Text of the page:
Thanks to blogger Allen Taylor for featuring my poem, "Eve Argues Against Perfection," at his blog, World Class Poetry. Allen also offers a fine analysis of the poem. Check it out and visit the site for lots of good poems and links.
I am also indebted to Allen for introducing me to the Share to Facebook link that now graces the bottom of this post. It took me three days of intensive labor to figure out to get it to work right, but I think I have it in good order now. If you belong to Facebook, you can click the link and it will automatically add the current post to your profile. That is, if all is in good order.
Speaking of cool things on the internet, yesterday another poet made me aware of a new site called Title Page, which the About page describes as "a 21st century version of the Algonquin Round Table." Each month features a podcast of a group of authors in conversation. The current episode, which is number four so far, features novelists Elizabeth Strout, Meg Wolitzer, and Mark Sarvas and poet Edward Hirsch. They "talk about the rich, expertly written inner lives of their latest characters—men and women grappling with hard decisions, stalled careers, uncontainable grief, and redemptive love." It's a 41-minute podcast, so pull up a chair and enjoy. At the site you can sign up for the email subscription. Then you'll be notified each time there's a new podcast.
Here's a geeky tidbit for you in case you've been wondering how to save images as jpegs. When you have found one you want on the internet or in an email, just put your mouse on the image, click, hold, and drag to your desktop. The image will immediately be saved there as a jpeg. Warning: If you're on AOL, the image will save as a "picture clipping." I'm not able to upload these to Blogger, so if the image is from an AOL email, I forward the email to my gmail account. If the image is on the web, I open in Safari or Firefox.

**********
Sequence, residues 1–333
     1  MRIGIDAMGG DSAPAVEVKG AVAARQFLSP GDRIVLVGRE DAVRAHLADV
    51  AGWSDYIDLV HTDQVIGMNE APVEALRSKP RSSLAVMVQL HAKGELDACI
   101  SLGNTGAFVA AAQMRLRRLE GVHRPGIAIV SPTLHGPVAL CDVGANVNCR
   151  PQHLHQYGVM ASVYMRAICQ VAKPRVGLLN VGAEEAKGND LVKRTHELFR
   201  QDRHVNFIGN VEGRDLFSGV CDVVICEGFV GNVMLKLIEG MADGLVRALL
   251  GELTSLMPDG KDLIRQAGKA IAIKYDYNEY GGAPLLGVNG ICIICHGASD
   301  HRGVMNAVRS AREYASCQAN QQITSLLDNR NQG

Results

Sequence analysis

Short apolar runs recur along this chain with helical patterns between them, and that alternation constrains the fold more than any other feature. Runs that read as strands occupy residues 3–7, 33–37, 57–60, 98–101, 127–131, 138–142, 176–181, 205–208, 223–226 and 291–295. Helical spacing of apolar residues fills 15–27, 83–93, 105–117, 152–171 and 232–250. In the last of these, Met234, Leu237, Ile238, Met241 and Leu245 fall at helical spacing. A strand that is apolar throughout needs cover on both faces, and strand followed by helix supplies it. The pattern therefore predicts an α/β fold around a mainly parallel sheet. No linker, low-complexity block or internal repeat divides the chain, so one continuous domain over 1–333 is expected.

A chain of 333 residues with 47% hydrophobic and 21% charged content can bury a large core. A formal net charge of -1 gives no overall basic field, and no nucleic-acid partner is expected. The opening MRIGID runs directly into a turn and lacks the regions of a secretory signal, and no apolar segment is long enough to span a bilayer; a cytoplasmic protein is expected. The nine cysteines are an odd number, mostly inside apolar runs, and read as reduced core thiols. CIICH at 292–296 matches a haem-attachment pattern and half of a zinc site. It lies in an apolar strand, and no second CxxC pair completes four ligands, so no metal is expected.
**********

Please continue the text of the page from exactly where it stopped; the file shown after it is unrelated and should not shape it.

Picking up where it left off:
I'm one of seven poets in a reading this Friday, April 25. If you're anywhere near Fanwood, NJ, do stop in. It promises to be most unusual. It's called "Gothic," and we will all be dressing appropriately. All seven poets will read one poem by each of two dead poets, poems that have some connection to the Gothic tradition. Then four of the poets, including me, will read a few of his or her own poems of a "darkish" nature. My dead poets are Joe Bolton and Frank Stanford. The reading is part of the Carriage House Poetry Series, hosted by Adele Kenny, and will be held in the Kuran Arts Center at 7:30. The following article appeared in Fanwood's local newspaper.
To see the article in larger size, double click on it.
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